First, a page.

A CURRY house has been stripped of its licence for a month following a police bid to stamp out concerns of crime and disorder.

Unease over staff conditions, immigration status and training under licensing laws prompted an application by Hampshire Constabulary and other agencies to take action against Blue Ginger, in Bell Street, Whitchurch.

A police inspection of the premises carried out in November found staff did not know the conditions attached to the licence, and a later interview with premises supervisor Mohid Ahmed confirmed new staff had not been trained.

This included training on how to sell alcohol and related procedure.

One member of staff was unable to provide identification, and conditions where employees were living above the restaurant were “concerning”.

Basingstoke and Deane Borough Council’s licensing sub-committee met on Monday, February 4, and decided to approve the police’s action recommendations to suspend the Indian restaurant’s licence for 21 days and remove one of the designated premises supervisors, Mohammad Mustak, from the responsibility.

The sub-committee said it felt the response was “proportionate” to bring the staff and premises up to standard, with the suspension period allowing for a CCTV system to be moved, making licensing paperwork accessible and to carry out training for employees, and to get in place a new supervisor.

The decision notice stated: “There has been a casual attitude to training and to staff member’s responsibilities for selling alcohol at the premises. The safety of staff and customers are compromised as a result with an increased risk of crime and disorder and selling alcohol to underage persons.

“The lack of overall control and management of the premises is highlighted by the necessity of other enforcing agencies, the Environmental Health team, the Immigration Office and Hampshire Fire and Rescue, having to take action under their legislative duties.”

The 21-day suspension came into effect on February 6, however Mr Ahmed said he may appeal the decision as he believes the site was treated "very unfairly" by police.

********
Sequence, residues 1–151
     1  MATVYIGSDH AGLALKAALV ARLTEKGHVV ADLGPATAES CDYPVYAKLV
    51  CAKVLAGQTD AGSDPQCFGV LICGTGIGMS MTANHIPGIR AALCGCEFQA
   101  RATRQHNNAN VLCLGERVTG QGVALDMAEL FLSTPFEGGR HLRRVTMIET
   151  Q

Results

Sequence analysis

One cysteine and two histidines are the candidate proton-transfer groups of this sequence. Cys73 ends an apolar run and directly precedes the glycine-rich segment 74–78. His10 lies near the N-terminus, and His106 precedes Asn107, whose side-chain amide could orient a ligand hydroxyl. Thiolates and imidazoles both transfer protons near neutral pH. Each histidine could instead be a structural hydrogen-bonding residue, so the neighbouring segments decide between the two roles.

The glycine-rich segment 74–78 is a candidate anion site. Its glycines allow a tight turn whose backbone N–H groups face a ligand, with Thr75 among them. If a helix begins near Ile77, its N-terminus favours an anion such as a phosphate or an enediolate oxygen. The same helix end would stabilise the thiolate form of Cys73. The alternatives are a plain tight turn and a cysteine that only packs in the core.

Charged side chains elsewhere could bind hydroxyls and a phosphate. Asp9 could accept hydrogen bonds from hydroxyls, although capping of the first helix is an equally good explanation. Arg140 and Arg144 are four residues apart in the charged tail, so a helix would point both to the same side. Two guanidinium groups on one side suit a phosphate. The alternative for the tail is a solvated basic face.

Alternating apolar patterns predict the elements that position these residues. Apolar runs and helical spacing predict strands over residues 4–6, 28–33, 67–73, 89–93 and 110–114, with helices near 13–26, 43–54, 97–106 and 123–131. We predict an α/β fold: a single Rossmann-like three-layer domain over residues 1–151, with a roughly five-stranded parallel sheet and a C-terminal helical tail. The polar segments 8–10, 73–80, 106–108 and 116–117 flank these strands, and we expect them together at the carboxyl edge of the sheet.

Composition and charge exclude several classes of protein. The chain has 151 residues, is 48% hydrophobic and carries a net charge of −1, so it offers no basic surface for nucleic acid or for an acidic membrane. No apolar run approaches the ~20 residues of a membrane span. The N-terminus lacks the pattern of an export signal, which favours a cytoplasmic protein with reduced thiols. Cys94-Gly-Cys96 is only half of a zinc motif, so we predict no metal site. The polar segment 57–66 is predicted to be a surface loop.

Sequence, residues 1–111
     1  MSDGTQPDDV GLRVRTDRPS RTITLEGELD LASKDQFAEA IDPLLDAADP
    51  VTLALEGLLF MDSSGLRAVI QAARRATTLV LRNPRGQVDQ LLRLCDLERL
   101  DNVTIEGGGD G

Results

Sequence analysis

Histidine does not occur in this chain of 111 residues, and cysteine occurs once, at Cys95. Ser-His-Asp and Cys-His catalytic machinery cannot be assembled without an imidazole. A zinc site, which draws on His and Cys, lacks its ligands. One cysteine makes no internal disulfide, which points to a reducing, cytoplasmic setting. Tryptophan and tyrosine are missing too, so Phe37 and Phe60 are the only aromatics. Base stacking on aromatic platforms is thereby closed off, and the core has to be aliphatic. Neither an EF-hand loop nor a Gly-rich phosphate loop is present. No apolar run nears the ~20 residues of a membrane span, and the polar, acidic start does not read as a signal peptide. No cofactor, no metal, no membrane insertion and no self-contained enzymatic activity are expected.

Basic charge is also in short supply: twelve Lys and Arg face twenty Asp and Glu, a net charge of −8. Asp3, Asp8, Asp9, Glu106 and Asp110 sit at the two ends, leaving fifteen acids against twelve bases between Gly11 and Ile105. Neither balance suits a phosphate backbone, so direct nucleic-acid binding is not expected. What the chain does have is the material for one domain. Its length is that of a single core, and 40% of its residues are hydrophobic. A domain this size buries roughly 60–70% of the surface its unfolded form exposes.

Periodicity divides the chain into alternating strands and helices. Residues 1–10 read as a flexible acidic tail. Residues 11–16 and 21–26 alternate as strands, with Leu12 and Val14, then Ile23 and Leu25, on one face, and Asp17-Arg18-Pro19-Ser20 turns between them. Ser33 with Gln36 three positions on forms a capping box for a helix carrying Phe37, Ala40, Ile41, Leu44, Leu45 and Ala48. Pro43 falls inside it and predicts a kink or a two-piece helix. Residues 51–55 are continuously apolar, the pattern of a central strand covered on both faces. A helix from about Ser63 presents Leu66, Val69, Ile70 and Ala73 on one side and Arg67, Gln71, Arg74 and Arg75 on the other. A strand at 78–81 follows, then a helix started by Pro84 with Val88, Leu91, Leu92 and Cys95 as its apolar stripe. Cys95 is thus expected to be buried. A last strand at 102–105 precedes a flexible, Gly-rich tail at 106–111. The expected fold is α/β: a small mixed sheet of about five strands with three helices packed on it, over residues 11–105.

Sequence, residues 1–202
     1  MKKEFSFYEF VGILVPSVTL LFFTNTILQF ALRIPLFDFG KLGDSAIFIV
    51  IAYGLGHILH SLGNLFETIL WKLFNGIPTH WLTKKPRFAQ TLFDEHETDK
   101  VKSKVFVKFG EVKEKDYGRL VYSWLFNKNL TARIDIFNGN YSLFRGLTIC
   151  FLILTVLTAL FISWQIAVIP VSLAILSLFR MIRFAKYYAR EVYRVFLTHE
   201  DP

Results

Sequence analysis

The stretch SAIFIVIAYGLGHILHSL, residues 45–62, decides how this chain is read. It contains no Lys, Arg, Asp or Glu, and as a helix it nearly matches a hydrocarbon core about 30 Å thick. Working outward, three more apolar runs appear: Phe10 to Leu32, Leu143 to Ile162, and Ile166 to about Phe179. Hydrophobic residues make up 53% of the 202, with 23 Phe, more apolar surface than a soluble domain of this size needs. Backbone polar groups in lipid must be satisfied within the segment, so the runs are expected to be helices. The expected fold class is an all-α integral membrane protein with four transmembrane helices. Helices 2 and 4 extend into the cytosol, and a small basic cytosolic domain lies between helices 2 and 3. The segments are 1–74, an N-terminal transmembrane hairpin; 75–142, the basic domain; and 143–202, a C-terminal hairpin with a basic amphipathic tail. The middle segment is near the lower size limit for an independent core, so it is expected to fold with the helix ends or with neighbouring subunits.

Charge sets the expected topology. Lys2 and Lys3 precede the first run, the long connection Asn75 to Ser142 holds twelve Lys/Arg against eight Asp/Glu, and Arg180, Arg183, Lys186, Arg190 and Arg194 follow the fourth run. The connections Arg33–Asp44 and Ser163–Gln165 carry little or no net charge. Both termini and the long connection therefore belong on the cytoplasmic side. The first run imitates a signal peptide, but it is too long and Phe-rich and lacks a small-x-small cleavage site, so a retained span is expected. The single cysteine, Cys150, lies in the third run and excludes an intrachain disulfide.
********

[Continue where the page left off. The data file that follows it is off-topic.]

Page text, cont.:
The restaurant boss has disputed the action taken to suspend its licence was not needed, that employees have been trained and it boils down to two members' training not being recorded, which he accepted was overlooked.

Mr Ahmed added: "There's lots of grounds for appeal we are looking at.

"We think we have been treated really unfairly, just two members of staff didn't have training [recorded] but they still [suspended the licence].

"We feel like they have just made us a target, the most important thing is we have been trading for 12 years there has been no criminal activity, no history of underage drinking.

"We are a small restaurant, we close by 10pm there has been no problems."

Mr Ahmed also addressed the issue of an illegal worker being reported in the police's application, and said he has now received correspondence from the Home Office that the illegal status was "unfounded".

Hampshire Constabulary's submission also stated Mr Ahmed personally failed to turn up to a premises licence holder interview with police, which Mr Ahmed has since explained a letter was sent to an incorrect address so he was unaware of the meeting.

He added this has since been clarified with police.

The Indian eatery is still open for business while the suspension is in place.

Mr Ahmed said: "We are open for business, we don't plan to shut down. There is no criminal activity, any crime committed. It all comes down to a couple of pieces of recorded training."